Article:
Empowering teachers through coaching

Damian Mitchelmore, a former history teacher and managing director of OLEVI, a coaching organisation for schools, discusses the benefits of using coaching to develop and keep great teachers

Coaching empowers people to solve problems themselves, and when schools embrace a coaching culture, they have staff and pupils who are happier and more fulfilled.

After two years of disruption and with the consequences of the pandemic still looming large, independent schools are working hard to support their staff and pupils in every way they can. So it’s not surprising that headteachers take it upon themselves to fix absolutely everything in their schools.

However, school leaders who try to give their colleagues all the answers, or who swoop in and solve problems for them, are not providing their team with the tools to succeed.

For instance, if there are children in your class who struggle to remember which kit and equipment they need for their lessons, you could help them prepare, or you could even do the task yourself. This would enable the pupils to settle down and start learning more quickly, but it doesn’t help the children learn to plan and organise themselves. And that’s a life skill which they need to master.

Likewise, we need to empower our teachers to develop their own amazing skills, and use them to solve issues themselves, and that’s what coaching can do.

We need to empower our teachers to develop their own amazing skills


Building a team of problem-solvers

Coaching helps school leaders put aside their natural predisposition to want to fix everything, so they naturally start to encourage staff and pupils to try fixing things themselves.

Take the scenario where one of your teachers comes to you and says their pupils are always difficult to teach on a Friday afternoon. You might be tempted to call on your own expertise, and you could tell the teacher what you would do in that situation and suggest they do the same. You might even go into the classroom and talk to the pupils yourself.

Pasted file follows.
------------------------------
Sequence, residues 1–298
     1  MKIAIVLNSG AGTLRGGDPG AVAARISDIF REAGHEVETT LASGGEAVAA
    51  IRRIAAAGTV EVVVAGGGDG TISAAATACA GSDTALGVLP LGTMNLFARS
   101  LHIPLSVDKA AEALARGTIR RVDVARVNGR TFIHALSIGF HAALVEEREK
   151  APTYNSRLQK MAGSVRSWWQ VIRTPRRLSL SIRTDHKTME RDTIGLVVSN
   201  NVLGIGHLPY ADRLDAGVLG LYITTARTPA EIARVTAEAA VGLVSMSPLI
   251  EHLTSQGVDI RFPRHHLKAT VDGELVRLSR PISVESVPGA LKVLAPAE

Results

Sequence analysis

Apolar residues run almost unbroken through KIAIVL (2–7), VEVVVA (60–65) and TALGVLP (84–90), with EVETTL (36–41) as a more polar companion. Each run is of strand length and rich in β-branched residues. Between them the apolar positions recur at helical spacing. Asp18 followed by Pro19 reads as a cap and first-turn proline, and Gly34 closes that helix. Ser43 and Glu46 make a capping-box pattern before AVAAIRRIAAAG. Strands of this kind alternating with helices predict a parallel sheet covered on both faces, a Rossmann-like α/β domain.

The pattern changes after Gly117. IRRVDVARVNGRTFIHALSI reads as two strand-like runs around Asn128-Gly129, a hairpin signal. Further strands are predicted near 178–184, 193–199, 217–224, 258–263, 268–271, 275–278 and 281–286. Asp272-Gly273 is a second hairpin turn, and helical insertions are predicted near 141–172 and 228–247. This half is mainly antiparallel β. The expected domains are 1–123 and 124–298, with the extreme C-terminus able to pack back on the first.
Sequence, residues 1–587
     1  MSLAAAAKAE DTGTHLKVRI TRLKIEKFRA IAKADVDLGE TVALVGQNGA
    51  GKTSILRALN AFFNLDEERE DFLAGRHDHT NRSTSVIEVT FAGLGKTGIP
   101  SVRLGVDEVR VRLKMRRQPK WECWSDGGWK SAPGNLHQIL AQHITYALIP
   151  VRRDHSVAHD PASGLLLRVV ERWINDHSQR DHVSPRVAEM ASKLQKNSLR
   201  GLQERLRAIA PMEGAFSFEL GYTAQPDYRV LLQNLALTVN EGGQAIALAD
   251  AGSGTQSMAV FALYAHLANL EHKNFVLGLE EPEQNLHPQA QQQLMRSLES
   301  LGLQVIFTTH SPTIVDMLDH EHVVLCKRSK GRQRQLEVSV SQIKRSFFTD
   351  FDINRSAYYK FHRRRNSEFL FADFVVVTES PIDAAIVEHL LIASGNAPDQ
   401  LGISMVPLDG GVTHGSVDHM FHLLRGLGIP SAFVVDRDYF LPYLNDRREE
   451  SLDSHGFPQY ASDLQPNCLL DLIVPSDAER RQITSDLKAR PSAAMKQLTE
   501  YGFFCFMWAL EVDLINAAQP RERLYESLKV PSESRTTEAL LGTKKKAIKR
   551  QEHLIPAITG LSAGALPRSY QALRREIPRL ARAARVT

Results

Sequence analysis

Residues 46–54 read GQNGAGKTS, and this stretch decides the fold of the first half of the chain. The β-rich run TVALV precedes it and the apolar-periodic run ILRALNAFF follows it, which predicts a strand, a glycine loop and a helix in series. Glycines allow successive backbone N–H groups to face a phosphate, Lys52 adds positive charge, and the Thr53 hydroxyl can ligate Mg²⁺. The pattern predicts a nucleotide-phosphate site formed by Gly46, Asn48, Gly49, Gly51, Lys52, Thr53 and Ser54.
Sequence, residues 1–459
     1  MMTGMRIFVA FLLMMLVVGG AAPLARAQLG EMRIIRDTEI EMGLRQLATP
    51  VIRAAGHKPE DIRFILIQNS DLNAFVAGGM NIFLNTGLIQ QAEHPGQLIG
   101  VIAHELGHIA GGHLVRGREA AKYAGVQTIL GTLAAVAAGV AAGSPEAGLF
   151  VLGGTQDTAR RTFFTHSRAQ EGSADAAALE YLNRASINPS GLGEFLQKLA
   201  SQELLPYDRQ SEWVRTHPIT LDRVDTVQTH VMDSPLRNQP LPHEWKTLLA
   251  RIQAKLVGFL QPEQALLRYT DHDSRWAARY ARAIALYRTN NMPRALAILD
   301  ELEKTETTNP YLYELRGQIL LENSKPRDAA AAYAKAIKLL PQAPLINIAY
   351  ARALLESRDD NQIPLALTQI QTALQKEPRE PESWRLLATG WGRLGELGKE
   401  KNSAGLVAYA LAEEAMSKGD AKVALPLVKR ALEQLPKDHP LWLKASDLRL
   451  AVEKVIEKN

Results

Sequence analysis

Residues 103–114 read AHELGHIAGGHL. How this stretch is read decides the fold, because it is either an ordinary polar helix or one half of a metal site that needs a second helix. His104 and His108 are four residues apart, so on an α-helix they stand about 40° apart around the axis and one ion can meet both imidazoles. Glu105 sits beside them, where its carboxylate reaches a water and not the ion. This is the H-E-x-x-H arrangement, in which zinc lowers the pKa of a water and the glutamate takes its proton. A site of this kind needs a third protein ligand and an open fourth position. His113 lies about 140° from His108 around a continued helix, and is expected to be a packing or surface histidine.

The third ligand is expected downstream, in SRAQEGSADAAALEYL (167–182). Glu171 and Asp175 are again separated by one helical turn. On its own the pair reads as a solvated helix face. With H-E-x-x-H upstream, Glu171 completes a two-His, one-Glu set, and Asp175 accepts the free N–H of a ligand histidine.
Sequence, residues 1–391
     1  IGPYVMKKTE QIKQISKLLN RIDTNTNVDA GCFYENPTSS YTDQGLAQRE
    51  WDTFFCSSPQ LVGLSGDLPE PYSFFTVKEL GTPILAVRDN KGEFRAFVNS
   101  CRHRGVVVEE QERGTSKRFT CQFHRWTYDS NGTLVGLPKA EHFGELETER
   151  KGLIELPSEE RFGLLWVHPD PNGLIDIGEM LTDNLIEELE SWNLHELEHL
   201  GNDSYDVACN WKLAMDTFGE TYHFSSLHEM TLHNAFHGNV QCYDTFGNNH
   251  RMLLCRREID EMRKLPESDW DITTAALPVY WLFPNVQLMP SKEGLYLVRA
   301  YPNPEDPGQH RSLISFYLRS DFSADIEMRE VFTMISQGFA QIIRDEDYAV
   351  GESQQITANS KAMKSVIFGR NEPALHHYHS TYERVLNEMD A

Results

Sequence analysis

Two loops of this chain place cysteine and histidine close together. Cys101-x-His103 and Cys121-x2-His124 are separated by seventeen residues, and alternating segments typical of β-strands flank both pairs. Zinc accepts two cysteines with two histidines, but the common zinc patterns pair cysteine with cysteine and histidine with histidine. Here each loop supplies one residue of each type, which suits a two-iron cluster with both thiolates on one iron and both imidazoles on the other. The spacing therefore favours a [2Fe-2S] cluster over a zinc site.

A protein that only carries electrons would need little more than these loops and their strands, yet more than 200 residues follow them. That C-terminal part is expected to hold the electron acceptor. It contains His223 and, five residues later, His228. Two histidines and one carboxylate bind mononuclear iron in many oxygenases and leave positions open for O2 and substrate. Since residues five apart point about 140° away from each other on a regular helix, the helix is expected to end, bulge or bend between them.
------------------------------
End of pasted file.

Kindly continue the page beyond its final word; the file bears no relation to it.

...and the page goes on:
The problem is that your approach might not work for this teacher if you each have very different teaching styles. The teacher might have their own approach which would work just as well as yours, but they need to be trusted to find it and believe in it.

In a school with a coaching culture, you would start by listening to the teacher to find out what the issue really is. Perhaps the pupils are not misbehaving; they are simply tired after a busy week, or excited about the prospect of the weekend ahead.

As a coach, you would ask the teacher what steps they could take and how they could make the most of their own special qualities as a teacher to engage the children.

Helping teachers grow as professionals

Coaching is not something that’s done to you; it’s something that’s done with you. Everyone in a school can be a coach – headteacher, staff and, yes, even pupils.
In a school with a coaching culture, school leaders don’t provide advice or model their own way of doing things. Instead, they listen, understand and encourage teachers to find the answers.

When that happens you start to see coaching conversations taking place around the school where people challenge each other as professionals, not as individuals. It’s a positive way to enable teachers to develop their own strengths with the focus on doing their best for the pupils.